Despite calls to completely reconstitute the panel and name an entirely new roster of committee members in order to restore credibility, Speaker John Boehner (R-Ohio) tapped Bonner to be chairman.
Lofgren has made clear that the rocky two years have left her burned out, with no desire to serve. Still, Democratic leader Nancy Pelosi (D-Calif.) asked her to remain as the ranking member of the panel until a replacement is found, even if that means for the foreseeable future. Lofgren agreed to do so, but urged Pelosi to find a successor as quickly as possible.
As of Wednesday evening, the committee’s website listed only Republican members of the panel, including Bonner and Reps. Michael McCaul (Texas), Mike Conaway (Texas), Charlie Dent (Pa.) and Gregg Harper (Miss.).
Waters is accused of intervening on behalf of a minority-owned bank in which her husband owns stock and on whose board he’d previously sat. She has mounted a vigorous detailed defense, arguing that she was acting on behalf of all minority-owned banks, as she has done for other minority interests for years, and raising hundreds of thousands of dollars to fight it through a legal defense fund.
Ethics watchdogs also disagree on the idea of hiring an outside counsel. Melanie Sloan, the executive director of Citizens for Responsibility and Ethics in Washington (CREW), said she thinks hiring an outside ethics counsel is a terrific idea.
“I think an outside counsel on the Waters matter would be terrific and, in fact, [would be] the only way for members to have any real confidence in the outcome, given all of the controversy over the investigation,” she said.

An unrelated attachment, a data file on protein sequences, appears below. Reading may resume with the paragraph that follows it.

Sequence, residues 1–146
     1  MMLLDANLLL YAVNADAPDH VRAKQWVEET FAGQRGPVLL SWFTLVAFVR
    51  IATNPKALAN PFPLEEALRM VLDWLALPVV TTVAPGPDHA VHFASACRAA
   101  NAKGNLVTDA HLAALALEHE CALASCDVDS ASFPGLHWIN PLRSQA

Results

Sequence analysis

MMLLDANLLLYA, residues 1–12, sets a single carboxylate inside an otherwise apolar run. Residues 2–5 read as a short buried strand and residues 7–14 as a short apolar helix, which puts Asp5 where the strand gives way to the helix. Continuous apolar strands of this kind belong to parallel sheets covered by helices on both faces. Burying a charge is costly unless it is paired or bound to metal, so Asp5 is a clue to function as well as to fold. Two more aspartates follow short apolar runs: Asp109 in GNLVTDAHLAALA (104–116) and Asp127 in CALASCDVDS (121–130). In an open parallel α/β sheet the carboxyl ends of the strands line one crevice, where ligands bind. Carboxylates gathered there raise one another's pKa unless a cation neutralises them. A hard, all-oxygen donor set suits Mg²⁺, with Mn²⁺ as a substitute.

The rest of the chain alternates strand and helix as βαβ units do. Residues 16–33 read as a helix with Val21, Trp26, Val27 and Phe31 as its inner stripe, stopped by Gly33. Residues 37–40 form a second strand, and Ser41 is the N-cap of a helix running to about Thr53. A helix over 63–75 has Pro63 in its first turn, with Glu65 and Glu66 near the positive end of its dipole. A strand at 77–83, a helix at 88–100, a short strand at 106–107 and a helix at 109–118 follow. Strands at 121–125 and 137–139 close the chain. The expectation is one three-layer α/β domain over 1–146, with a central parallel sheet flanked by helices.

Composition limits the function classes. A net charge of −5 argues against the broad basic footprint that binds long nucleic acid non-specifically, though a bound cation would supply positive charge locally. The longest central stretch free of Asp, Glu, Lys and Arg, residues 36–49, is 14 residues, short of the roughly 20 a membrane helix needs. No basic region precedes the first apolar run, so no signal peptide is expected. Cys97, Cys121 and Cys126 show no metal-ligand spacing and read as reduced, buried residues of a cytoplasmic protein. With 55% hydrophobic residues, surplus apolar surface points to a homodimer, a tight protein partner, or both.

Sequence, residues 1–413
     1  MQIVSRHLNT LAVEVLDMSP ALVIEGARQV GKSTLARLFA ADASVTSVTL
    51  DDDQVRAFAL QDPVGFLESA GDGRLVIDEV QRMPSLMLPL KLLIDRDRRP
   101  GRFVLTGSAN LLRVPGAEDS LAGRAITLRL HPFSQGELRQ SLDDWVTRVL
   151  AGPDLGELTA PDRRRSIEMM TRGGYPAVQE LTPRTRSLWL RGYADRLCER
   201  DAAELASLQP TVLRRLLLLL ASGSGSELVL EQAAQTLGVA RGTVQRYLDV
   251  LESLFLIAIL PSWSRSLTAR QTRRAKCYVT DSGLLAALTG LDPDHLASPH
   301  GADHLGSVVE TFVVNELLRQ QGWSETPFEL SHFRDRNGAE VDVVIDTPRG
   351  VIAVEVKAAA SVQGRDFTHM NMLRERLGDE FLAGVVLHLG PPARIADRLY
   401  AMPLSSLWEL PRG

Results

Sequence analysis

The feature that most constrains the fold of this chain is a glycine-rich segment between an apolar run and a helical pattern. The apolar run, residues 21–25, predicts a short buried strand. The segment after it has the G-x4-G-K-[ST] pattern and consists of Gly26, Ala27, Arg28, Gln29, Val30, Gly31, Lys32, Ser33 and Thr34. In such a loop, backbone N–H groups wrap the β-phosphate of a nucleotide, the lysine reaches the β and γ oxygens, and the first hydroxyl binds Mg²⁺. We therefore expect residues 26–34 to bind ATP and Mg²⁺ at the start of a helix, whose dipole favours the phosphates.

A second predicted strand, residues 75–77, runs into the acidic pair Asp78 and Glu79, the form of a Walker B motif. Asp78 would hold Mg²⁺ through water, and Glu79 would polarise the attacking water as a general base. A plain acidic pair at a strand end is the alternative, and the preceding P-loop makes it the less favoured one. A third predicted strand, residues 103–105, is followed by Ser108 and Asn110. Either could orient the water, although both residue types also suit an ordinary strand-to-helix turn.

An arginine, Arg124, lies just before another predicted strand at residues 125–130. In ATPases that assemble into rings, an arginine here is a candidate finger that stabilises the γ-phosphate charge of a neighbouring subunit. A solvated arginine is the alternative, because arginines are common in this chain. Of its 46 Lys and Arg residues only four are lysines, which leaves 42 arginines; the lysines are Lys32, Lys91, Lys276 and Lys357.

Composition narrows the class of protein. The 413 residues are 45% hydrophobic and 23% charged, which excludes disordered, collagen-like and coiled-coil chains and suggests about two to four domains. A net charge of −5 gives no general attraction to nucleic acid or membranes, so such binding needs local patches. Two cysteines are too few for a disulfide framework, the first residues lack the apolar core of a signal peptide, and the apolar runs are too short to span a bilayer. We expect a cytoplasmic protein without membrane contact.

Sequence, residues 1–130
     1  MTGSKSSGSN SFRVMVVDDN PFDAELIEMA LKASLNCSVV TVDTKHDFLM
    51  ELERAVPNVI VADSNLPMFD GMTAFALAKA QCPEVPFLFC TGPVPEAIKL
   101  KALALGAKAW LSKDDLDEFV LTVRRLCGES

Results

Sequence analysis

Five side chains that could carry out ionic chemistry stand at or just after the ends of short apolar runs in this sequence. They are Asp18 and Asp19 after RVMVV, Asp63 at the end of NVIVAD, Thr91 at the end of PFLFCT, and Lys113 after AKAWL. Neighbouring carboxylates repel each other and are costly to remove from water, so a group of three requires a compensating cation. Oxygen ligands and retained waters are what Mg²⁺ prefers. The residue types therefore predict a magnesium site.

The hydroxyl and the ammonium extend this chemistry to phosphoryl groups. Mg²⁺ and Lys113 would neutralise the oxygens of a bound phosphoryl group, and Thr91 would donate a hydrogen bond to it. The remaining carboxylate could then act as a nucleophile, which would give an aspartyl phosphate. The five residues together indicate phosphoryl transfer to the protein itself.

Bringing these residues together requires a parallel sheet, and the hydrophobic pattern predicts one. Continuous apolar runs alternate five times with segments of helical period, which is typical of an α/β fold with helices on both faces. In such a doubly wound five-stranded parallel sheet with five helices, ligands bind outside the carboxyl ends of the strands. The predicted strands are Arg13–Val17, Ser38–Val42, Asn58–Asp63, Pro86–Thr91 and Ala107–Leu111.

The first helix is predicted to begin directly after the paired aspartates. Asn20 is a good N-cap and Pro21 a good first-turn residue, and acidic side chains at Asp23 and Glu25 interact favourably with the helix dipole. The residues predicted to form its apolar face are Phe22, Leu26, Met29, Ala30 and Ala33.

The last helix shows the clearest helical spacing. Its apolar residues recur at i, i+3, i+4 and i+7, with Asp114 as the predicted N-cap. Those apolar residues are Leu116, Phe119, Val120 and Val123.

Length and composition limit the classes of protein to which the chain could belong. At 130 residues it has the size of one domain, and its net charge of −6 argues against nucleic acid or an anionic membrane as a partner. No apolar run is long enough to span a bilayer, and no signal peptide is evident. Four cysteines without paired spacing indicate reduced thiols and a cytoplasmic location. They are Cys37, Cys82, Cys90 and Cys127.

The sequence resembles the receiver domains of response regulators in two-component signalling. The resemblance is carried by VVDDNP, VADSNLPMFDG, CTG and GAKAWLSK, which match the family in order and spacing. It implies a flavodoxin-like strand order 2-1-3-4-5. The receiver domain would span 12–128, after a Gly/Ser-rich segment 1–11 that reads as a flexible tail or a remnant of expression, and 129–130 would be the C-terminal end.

Public Citizen’s Craig Holman, however, disagreed, arguing the ethics committee has already spent far too much time on the case and Waters deserves to have it wrapped up as soon as possible.
“This is what the ethics committee is supposed to be doing — handling these tasks,” he said. “If they outsource their job, then I think that’s an admission that the House ethics committee can’t handle this and we ought to have an outside ethics committee like the [Office of Congressional Ethics (OCE)] set up to handle the investigations and the trials.”
Robert Walker, an attorney who has served as the chief counsel on the Senate and House ethics committees, said he saw a rational argument for both views. While it's always better for the ethics panel to handle its investigations on its own, the Waters case has become so messy that the panel might decide it has little choice but to hire an outside counsel, he said.
"They may view it as the only practical solution to getting the inquiry going again, if that’s what they decide to do," he said.
The OCE, an outside board made up mainly of former members, was created three years ago to help burnish the tarnished House ethics process. It investigates complaints and makes recommendations to the full ethics committee for further action.
The committee has the ability to hire an outside counsel when it feels like doing so would make an investigation more effective or when a subject is so powerful members might fear retribution and fail to investigate the matter aggressively. The last time it did so was in 1995 for the case against then-Speaker Newt Gingrich (R-Ga.), who was accused of improperly using tax-exempt money to underwrite a college course.
The panel reprimanded him for misleading the committee about using tax-exempt money to advance his political goals and ordered him to pay a $300,000 penalty.